There is no kicker. There is no if, and, or but. You are free. You can do it right or wrong. You can obey or disobey. You can run from Christ or run to Christ. You can choose to become a faithful Christian or an unfaithful Christian. You can cry, cuss, and spit, or laugh, sing, and dance. You can read a novel or the Bible. You can watch television or pray. You’re free . . . really free.
Abraham Lincoln went to a slave market. There he noted a young, beautiful African-American woman being auctioned off to the highest offer. He bid on her and won. He could see the anger in the young woman’s eyes and could imagine what she was thinking, Another white man who will buy me, use me, and then discard me.
As Lincoln walked off with his “property,” he turned to the woman and said, “You’re free.”
“Yeah. What does that mean?” she replied.
“It means that you’re free.”
“Does that mean I can say whatever I want to say?”
“Yes,” replied Lincoln, smiling, “it means you can say whatever you want to say.”
“Does it mean,” she asked incredulously, “that I can be whatever I want to be?”
“Yes, you can be whatever you want to be.”
“Does it mean,” the young woman said hesitantly, “that I can go wherever I want to go?”
“Yes, it means you are free and can go wherever you want to go.”
“Then,” said the young woman with tears welling up in her eyes, “I think I’ll go with you.”
That is what God has done for us. It is what the Christian faith is all about. We have been bought with a price, the price of God’s own Son. We now have a new master, one who, once he paid the price, set us free.
If you’ve made it this far, I suspect you have some questions. So let’s tackle them one at a time.
Does being free mean that, if I don’t do what God says, he will still love me? Yes, that is exactly what it means. You might get hurt and regret what you’ve done, but you can do it and he won’t stop loving you. You won’t lose your salvation, and you won’t get kicked out of the kingdom.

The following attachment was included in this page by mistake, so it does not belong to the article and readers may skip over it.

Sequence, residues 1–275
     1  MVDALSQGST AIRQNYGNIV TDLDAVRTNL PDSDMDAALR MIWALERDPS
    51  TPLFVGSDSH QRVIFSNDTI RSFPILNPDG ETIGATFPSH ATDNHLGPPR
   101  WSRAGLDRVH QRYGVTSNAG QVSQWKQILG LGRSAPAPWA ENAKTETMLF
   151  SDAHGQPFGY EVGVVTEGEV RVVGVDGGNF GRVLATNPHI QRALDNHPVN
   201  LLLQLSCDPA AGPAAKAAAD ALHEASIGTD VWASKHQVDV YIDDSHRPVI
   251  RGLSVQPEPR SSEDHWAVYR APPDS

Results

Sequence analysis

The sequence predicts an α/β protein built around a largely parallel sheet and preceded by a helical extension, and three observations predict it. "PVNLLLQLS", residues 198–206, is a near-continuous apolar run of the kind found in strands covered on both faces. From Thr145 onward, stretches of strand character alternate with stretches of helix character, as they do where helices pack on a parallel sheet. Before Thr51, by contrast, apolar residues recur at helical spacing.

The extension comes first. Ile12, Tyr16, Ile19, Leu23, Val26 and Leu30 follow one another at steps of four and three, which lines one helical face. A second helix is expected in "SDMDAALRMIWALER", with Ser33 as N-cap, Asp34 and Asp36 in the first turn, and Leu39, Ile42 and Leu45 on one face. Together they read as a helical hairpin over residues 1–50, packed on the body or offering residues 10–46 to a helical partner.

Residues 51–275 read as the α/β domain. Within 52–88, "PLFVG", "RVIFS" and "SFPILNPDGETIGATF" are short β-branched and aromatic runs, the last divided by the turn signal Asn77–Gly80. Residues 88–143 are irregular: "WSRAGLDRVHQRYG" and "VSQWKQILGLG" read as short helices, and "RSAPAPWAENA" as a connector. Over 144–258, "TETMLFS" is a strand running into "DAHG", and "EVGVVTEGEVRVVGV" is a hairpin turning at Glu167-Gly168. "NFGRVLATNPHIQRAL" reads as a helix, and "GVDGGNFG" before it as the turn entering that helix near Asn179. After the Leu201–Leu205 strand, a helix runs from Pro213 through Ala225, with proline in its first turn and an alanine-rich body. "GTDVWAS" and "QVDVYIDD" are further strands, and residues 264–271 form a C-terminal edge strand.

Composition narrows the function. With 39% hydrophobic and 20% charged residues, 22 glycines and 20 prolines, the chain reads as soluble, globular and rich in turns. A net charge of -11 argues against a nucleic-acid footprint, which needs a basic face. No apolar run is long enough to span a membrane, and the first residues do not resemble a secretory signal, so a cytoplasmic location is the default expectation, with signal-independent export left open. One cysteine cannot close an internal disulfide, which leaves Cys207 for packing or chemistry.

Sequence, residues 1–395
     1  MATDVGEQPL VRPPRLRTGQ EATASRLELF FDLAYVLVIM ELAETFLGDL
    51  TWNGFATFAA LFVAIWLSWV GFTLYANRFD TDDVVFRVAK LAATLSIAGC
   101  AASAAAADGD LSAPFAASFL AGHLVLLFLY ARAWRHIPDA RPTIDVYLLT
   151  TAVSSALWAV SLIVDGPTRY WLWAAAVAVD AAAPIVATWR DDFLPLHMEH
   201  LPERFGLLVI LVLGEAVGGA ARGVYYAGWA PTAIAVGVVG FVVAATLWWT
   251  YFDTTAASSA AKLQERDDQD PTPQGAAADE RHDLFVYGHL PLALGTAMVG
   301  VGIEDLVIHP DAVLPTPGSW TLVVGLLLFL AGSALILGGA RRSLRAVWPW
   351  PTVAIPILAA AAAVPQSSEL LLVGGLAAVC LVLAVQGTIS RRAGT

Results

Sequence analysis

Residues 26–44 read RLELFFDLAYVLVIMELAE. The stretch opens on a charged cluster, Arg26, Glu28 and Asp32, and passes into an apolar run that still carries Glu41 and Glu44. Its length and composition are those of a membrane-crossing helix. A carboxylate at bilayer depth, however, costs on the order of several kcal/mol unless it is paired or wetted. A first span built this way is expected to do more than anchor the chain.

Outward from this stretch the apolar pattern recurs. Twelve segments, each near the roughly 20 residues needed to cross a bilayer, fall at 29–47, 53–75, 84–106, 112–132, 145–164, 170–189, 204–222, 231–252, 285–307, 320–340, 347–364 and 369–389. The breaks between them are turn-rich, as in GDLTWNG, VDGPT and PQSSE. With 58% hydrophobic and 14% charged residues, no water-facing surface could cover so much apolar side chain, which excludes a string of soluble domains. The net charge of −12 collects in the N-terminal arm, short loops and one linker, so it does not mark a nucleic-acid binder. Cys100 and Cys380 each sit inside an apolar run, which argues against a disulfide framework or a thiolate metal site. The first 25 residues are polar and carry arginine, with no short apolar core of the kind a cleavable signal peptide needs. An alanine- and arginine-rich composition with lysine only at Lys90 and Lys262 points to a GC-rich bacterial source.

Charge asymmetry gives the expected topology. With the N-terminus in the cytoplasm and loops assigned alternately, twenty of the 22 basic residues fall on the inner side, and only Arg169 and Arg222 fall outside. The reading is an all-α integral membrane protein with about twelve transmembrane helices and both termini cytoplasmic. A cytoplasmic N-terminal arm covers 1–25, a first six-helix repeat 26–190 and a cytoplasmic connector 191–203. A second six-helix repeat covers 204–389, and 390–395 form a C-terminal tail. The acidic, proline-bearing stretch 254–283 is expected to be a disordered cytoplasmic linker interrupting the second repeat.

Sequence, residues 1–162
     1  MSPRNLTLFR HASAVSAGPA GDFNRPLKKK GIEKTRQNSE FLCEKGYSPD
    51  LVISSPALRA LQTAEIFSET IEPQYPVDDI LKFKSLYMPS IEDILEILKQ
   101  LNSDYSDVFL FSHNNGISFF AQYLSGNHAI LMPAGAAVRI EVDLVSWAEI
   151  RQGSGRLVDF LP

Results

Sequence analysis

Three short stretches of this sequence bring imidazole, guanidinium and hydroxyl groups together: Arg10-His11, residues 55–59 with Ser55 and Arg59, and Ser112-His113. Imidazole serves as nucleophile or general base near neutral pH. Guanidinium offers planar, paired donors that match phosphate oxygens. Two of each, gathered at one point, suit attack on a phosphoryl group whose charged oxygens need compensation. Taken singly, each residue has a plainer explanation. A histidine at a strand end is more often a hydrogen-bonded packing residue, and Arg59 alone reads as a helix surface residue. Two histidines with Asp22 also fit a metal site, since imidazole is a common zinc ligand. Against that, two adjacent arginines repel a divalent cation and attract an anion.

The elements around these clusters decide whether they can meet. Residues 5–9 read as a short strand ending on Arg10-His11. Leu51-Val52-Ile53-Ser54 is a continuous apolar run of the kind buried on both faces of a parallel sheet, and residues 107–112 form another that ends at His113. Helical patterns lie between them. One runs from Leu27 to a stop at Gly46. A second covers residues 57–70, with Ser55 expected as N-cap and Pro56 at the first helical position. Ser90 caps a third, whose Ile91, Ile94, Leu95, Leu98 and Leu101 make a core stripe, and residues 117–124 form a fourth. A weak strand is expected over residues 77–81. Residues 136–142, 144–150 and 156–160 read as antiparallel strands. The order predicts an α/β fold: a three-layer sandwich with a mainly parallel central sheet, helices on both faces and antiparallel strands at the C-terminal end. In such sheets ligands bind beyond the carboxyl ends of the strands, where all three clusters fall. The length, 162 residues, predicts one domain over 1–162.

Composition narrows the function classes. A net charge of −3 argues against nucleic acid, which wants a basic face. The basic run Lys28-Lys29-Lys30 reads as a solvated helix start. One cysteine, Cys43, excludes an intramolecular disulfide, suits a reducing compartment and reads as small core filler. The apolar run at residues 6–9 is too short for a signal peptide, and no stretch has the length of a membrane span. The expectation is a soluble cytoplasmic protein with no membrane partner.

Does being free mean that God is pleased with whatever I do, no matter what it is? Of course not. Later in this book, we’re going to talk about the law; but for now, let me give you a preview. God feels pleased when we do what he asks of us; but, because of the imputed righteousness of Christ,5 he won’t be angry with you nor will he ever condemn you.
Does being free mean that when Christians are really upset with me, God isn’t? Yes.
Does being free mean that his love and grace are without condition . . . totally? Yes, that’s exactly what it means.
What if I do something bad? Would God still bless me and answer my prayers? Yes, he will. What God does or does not do in your life rarely has anything to do with how good you are. Your teacher acts like that, not your God. In fact, I preached some of my best sermons when I was doing some bad stuff. God wanted to show me something very important. He demonstrated that his fondness for me depended on his love and the cross of Christ, not on my earning it.
Certainly there is something to be said for divine earthly retribution (you do bad stuff and bad stuff will happen to you) and divine earthly compensation (you do good stuff and good stuff will happen to you). That is the way the world generally works. God’s laws shape the way the world operates. We do not break God’s laws; we simply get broken by them.
If you are an unbeliever, let me give you some advice. Even if you don’t believe there is a God, do what the Bible says God wants you to do. You will be a lot happier, have more peace, and possibly make more money than you do right now. Why will things probably work out this way? Because the Bible tells us the way things really are.
For the most part, however, those who preach a direct correlation between your goodness or obedience and God’s blessing simply haven’t read Psalms or looked around. I know obedient Christians who suffer in poverty and whose ministries have failed. And I know rich, peaceful pagans who are having a lot of fun.
The psalmist speaks to a reality that only the superficial will ignore: